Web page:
Like anybody else with their fair share of grey hairs and a pulse, I am the proud owner of an entire Ikea’s worth of skeletons, never mind a single closet.
Most of us (although I cannot claim to be an exclusive member of that club) committed most of our misdemeanours in our youth in an age when the only witnesses to the ‘crime’ were as drunk or daft as you and the evidence they could provide was of little consequence.
This is one of the reasons why I think today’s youngsters have got it tougher than older generations - everything they do has the potential to be recorded and logged indefinitely.
Take the hapless 14-year-old who has been subjected to plenty of leg pulling and, even more seriously, now faces an uncertain future after a ‘mucky’ picture he took of himself ended up attracting the attention of Plod.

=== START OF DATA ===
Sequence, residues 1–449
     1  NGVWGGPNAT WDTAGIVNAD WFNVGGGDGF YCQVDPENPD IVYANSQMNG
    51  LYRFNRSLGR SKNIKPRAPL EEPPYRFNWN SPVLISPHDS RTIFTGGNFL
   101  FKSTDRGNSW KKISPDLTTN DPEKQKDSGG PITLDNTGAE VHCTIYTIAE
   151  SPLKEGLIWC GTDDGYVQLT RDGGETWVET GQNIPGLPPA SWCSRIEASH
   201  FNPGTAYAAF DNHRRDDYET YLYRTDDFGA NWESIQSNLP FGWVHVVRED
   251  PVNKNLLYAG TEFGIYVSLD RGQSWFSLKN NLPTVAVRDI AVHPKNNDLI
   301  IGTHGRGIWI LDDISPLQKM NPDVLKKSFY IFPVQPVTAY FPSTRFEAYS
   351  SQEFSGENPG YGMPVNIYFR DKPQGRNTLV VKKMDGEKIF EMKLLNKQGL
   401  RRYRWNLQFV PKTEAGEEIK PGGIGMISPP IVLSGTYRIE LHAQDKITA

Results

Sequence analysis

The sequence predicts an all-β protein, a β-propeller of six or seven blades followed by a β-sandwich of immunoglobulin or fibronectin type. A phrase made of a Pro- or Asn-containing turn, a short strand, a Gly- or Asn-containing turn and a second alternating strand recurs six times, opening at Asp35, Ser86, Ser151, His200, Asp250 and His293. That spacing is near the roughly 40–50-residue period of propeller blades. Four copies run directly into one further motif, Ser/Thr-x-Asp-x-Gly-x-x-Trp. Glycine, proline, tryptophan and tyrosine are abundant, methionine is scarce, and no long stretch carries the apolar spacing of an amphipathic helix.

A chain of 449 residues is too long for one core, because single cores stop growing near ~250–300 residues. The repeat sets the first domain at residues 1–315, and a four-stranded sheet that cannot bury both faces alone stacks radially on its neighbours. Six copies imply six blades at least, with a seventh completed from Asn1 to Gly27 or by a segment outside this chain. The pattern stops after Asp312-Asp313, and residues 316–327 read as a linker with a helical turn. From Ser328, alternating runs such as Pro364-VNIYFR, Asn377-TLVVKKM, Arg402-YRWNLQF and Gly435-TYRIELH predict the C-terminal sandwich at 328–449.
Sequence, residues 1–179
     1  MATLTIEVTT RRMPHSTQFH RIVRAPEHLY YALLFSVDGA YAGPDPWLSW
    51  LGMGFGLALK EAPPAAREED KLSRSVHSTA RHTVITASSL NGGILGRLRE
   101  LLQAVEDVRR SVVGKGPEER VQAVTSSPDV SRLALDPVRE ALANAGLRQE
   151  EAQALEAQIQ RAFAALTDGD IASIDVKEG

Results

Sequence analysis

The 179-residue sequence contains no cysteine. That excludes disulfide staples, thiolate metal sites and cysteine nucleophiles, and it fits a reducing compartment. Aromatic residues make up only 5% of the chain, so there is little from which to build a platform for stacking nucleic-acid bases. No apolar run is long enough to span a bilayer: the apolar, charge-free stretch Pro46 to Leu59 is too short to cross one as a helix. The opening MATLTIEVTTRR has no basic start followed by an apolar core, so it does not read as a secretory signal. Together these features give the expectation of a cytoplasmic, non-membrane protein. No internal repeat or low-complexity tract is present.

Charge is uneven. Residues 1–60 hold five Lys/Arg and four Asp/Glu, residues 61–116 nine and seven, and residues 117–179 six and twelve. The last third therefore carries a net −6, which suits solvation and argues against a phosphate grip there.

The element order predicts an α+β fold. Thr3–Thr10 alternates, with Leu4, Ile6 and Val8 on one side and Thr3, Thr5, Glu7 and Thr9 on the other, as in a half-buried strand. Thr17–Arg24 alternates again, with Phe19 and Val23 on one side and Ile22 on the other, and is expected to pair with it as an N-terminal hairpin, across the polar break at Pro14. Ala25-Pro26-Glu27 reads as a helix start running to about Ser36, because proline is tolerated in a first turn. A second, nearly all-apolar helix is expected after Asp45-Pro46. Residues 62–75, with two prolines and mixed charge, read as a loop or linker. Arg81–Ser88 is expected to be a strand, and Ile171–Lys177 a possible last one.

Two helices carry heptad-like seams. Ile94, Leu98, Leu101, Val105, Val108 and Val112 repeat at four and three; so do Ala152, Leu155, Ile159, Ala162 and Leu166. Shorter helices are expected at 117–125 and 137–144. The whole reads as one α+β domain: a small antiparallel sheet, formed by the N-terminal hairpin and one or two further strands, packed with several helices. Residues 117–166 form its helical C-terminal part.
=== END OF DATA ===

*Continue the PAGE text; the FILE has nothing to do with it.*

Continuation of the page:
Our young friend took a revealing picture of himself and sent it to a girl with whom there seems to have been a mutual attraction, via an instant messaging service called Snapchat. The attraction of such technology is that the image disappears almost immediately, unless you save it, which is precisely what Simon’s young friend, also aged 14, did.
Almost inevitably the offending snap was soon doing the rounds at their school and before long the school’s very own bobby was on hand to quiz the teen and inform him this incident may harm his chances of getting a job working with the vulnerable or children.
Although not charged with an offence, this daft lad has been effectively criminalised for taking pictures of himself, which although is an unpleasant thing to do was a 14-year-old’s feeble attempt at flirting.
When his parents were at school the done thing was to send the target of one’s affections a poem on a hand towel or carve initials into the rickety old desk.
Whatever you think about the effect of technology on the youth today the real tragedy of all this is that it illustrates how in today’s society it is almost impossible for children to make the mistakes they should be allowed to make.